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17. January 2020


JetBrains, the makers of programmer tools such as IntelliJ, WebStorm, CLion and Rider, as well as the programming language Kotlin have been working on a font specifically designed for code.  JetBrains Mono is an open source font family consisting of 8 fonts specifically designed with reading and writing code in mind.

Details from the JetBrains blog:

For the most part of our day we, as developers, look at the code. And it is no wonder that we are always on the lookout for the best font to make looking at the text on the screen easier on our eyes. However, the logic in many popular fonts does not always take into account the difference between reading through code and reading a book. Our eyes move along code in a very different way, often having to move vertically as often as they do horizontally, which is opposed to reading a book where they slide along the text always in the same direction.

Therefore, while working on JetBrains Mono we focused, among other things, on the issues that can cause eye fatigue during long sessions of working with code. We have considered things like the size and shape of letters; the amount of space between them, a balance naturally engineered in monospace fonts; unnecessary details and unclear distinctions between symbols, such as I’s and l’s for example; and programming ligatures when developing our font.

Today, we proudly present JetBrains Mono – a new open-source typeface specifically made for developers. Check out what makes JetBrains Mono unique in the big family of monospaced fonts and try it in your favorite code editor. Have a look at JetBrains Mono, your eyes will thank you for it.

More details about Mono are available here.  It is the default font on all 2020 JetBrains IDEs and is available as an option in version 2019.3 and beyond of all JetBrain products.  If you use another IDE you can download the zip here.  Learn more about JetBrains Mono, including how to install and configure in Visual Studio Code in the video below.

Programming GameDev News


10. January 2020


ArmorPaint is an open source competitor to Substance Painter, from the creator of the Armory game engine (tutorial series available here).  It is available for just 16 Euro in binary form, but can also be built from source code.  This guide walks you step by step through the process of building ArmorPaint from source.

There are a few requirements before you can build.  Download and install the following programs if not already installed:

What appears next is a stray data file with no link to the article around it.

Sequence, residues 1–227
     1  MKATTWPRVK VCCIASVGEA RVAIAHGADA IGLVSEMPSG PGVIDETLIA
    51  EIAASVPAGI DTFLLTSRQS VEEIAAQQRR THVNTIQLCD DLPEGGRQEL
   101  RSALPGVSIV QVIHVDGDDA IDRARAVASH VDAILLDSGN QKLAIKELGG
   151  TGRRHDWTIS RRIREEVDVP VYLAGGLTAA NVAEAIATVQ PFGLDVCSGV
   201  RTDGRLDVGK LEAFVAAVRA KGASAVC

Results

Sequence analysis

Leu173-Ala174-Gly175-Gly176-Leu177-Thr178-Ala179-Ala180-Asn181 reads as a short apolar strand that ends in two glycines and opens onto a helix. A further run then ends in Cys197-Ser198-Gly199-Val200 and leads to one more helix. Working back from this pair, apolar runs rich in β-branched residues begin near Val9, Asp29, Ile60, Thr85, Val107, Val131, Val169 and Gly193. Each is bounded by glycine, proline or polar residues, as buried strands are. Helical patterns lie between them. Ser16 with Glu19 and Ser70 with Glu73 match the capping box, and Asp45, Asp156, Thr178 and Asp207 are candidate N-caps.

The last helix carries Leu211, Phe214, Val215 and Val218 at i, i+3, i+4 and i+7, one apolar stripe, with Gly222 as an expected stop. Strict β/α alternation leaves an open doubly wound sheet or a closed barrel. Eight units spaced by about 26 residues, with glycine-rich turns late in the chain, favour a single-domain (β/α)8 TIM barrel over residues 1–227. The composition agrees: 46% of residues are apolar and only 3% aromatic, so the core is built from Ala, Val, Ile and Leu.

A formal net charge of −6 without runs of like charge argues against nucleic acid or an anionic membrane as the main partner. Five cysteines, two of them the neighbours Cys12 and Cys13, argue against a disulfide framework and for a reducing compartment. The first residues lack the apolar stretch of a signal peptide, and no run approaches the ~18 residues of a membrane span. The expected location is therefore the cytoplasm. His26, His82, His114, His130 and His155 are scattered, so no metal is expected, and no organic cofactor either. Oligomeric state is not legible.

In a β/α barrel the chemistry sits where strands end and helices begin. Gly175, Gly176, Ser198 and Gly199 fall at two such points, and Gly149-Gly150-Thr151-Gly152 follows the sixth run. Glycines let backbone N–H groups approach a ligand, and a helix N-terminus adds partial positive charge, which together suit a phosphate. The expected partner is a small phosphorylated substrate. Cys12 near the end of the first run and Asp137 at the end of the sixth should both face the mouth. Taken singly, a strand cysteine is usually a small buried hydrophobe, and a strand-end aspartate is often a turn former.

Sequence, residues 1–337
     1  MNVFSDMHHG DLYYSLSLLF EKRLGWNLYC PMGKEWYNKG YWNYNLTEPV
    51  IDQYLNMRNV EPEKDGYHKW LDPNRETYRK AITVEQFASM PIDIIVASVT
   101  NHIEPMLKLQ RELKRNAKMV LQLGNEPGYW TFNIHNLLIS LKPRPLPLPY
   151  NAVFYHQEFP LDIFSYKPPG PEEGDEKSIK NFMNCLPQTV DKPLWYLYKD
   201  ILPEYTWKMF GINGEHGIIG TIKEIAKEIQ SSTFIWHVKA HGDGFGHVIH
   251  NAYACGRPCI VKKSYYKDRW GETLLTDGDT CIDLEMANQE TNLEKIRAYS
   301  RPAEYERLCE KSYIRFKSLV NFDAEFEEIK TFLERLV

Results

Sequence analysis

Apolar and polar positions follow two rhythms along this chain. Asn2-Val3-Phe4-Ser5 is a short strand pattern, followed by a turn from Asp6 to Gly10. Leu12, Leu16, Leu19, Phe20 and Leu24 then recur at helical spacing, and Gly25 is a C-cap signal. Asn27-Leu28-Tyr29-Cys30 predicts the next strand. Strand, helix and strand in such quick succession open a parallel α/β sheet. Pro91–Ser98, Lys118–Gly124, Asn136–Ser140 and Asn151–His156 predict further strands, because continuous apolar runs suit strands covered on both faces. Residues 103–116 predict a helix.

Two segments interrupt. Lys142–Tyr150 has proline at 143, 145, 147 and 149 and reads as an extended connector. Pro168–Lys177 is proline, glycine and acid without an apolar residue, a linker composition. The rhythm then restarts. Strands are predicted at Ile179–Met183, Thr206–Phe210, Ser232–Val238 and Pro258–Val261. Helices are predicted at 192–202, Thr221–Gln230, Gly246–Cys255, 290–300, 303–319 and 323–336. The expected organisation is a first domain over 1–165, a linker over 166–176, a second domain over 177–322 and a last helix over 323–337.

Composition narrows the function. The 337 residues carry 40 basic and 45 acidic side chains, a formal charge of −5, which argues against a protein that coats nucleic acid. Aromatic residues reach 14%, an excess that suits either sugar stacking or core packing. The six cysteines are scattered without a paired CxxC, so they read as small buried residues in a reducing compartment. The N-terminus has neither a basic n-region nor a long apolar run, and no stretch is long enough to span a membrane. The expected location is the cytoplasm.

First step, we clone the repository.  Make sure to add the –recursive flag(that’s two ‘-‘ by the way).

Open a command prompt, cd to the directory where you want to install ArmorPaint’s source code and run the command:

git clone –recursive https://github.com/armory3d/armorpaint.git

Depending on your internet speed this could take a minute to several minutes while all of the files are downloaded. 

In Explorer, go the installation directory, then navigate to armorpaint\Kromx\V8\Libraries\win32\release and using 7zip extract v8_monolith.7z to the same directory as the .7z file.

Next in the command prompt run the following commands

(Assuming you are reusing the same CMD that you did the git clone from)

cd armorpaint

node Kromx/make –g direct3d11

cd Kromx

node Kinc/make –g direct3d11

explorer .

If you receive any errors above, the most likely cause is node not being installed.  The final command will now open a Windows Explorer window in the Kromx subdirectory.  Open the build directory and load the file Krom.sln.

image

This will open the project in Visual Studio.  If you haven’t run VS yet,you may have to do some initial installation steps.  Worst case scenario run through the initial install, close and double click Krom.sln again.

First make sure that you are building for x64 and Release mode at the top:

image

In the Solution Explorer, select Krom then hit ALT + ENTER or right click and select Properties.

Then select Debugging, in Command Arguments enter ..\..\build.krom then click Apply.

image

You are now ready to build ArmorPaint.  Select Ctrl + SHIFT + B or select Build->Build Solution.

image

Assuming no errors, are exe should be built.  Now go to the folder armorpaint\Kromx\build\x64\Release and copy the file Krom.exe, then copy to armorpaint\build\krom.  You can now run Krom.exe and you’re good to go. 

image

Step by step instructions are available in the video below.

Art Programming


26. November 2019

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This is a very common question, so this guide and video is setting out to answer why *I* might choose to use Godot over those other engines. Keep in mind, this isn’t me saying Godot is better or worse than those engines. Additionally, I have a video on Unreal vs Unity in the works, so if you want to decide which of those engines to use, stay tuned for that.